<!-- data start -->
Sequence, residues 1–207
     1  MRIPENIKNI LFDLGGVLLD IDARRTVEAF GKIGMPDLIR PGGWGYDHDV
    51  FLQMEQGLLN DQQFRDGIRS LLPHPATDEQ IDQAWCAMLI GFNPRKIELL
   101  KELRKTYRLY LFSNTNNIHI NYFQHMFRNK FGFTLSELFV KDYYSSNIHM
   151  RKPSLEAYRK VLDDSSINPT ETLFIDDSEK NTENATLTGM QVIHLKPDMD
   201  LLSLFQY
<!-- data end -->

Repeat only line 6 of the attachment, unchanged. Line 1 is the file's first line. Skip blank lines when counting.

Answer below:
   201  LLSLFQY